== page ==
Happy New Year!!!
As with the last post of 2019, I struggled with the topic of the first post of 2020. I mean, it has been more than a week with no posts, so it should be something substantial, and it’s the first post of the new year, so maybe something positive…hopeful…uplifting? Starting off way down in the nitty-gritty didn’t seem right, and I didn’t have a holiday vacation in Europe with lots of beautiful door photos to share.
Then…it arrived. An email from Scott Foley of Sunrise Door Solutions. Over the past months I’ve been watching the progress of some amazing hollow metal frames on Facebook, and I had asked Scott for some photos of the finished product. Yes – that’s what I said…AMAZING HOLLOW METAL FRAMES.
I have a very deep appreciation for door-related creativity, and I know from experience how difficult some of these “special” openings can be. When I opened the architectural elevations for these frames, I got a little misty – maybe from remembering the pain of past projects where the architect asked for something that seemed impossible.
Side Note: The project is an elementary school. I can hear some of you saying that the money would be better spent on something else for the school, but these openings will be in place for years to come and definitely make the educational environment more fun and exciting. In this day and age when school districts are spending thousands of dollars on retrofit security gadgets that may or may not actually help (and could have negative consequences), I’d much rather see money spent on door frames that look like boats. 🙂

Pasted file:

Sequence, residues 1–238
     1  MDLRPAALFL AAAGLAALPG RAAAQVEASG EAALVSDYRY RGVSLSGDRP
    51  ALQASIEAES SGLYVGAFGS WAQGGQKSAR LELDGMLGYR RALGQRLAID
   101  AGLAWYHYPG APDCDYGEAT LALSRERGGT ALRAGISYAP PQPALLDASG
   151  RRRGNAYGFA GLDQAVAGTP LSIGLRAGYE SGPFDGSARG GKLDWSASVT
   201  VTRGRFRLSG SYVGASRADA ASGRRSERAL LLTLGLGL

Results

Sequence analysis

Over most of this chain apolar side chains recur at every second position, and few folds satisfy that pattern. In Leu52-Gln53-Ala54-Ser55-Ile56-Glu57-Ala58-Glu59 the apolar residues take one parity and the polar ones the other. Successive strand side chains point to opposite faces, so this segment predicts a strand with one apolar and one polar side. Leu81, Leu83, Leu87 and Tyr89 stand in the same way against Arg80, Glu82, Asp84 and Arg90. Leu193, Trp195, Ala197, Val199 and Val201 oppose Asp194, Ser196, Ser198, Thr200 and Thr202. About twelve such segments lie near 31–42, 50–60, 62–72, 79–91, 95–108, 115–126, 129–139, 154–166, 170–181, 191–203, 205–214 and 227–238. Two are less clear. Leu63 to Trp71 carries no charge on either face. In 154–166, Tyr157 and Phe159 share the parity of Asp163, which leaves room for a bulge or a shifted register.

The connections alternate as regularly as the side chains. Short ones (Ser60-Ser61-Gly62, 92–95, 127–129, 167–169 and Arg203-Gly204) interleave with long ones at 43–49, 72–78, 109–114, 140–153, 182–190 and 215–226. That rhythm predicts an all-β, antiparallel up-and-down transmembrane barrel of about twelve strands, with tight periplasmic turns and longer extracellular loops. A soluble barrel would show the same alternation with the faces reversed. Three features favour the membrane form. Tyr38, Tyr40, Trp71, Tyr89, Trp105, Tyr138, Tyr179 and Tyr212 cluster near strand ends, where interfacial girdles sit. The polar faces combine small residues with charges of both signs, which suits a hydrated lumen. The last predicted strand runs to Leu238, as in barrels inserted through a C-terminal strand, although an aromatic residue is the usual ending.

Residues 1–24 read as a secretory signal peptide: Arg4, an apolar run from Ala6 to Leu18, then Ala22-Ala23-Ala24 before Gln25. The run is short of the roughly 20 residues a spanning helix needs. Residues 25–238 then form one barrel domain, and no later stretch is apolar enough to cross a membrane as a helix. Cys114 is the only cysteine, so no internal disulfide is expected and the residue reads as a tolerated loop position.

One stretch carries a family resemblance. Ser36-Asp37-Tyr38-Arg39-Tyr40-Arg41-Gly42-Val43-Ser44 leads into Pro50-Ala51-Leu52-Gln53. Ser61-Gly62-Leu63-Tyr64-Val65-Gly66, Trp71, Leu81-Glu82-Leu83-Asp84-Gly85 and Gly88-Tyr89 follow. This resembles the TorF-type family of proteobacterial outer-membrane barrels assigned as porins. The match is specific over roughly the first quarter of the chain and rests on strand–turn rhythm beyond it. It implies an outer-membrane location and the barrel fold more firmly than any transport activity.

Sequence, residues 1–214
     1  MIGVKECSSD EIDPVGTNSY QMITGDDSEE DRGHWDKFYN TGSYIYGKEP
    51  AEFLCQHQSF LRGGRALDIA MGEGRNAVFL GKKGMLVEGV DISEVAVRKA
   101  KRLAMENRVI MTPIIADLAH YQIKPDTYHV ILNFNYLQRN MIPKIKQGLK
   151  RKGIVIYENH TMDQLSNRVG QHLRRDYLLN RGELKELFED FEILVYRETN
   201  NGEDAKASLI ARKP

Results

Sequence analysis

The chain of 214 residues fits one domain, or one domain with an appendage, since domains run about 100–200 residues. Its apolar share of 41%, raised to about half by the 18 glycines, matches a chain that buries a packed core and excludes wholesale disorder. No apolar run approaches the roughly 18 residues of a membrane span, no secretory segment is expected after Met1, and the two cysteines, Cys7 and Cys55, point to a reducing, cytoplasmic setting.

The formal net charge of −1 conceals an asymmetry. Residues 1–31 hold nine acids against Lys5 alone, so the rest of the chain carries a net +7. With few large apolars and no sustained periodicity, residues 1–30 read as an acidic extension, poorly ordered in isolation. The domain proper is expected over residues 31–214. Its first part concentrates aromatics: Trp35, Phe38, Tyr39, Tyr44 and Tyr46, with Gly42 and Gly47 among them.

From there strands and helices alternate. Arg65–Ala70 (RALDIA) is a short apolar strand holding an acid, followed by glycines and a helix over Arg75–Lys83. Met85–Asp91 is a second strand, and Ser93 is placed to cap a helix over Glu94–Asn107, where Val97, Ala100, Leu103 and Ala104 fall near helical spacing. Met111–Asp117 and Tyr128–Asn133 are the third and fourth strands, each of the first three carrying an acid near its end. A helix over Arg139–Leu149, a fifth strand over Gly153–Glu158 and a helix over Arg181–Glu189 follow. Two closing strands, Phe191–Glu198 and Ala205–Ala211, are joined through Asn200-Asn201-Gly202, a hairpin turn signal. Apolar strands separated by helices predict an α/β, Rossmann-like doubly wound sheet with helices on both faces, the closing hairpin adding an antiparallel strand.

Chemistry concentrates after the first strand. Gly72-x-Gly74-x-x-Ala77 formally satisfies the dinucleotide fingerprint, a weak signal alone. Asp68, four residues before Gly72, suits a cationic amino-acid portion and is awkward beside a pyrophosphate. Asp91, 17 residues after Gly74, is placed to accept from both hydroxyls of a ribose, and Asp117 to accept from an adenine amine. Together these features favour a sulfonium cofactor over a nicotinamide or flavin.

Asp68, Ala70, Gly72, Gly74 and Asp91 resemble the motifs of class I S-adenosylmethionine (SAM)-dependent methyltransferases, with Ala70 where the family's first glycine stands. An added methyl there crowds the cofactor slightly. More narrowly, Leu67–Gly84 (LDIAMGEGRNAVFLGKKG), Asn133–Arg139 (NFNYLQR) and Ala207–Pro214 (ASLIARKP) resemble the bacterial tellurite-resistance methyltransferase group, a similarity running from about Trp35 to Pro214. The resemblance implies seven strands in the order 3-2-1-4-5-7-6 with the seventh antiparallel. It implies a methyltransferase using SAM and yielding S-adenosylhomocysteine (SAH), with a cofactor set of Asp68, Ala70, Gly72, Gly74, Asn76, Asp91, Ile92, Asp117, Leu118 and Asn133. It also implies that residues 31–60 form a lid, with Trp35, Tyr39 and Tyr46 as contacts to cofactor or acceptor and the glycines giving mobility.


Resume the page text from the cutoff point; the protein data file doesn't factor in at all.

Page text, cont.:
Due to manufacturing restrictions for the frames and/or glass, some of the angles needed to be modified…here is one of the submittal elevations:
Here’s the first frame welded up, and the delivery – WOW! The lead time was 12 weeks, but personally I don’t think that’s bad at all! The glass order required plywood templates for each piece, just to double-check the shapes and sizes.
The rough installation:
And finally, the openings in place:
Cool, right?? The frames were made by National Custom Hollow Metal, and the glass was supplied by McGrory Glass. Thank you to everyone who participated in this project, including Sunrise Door and Scott Foley – the openings look amazing!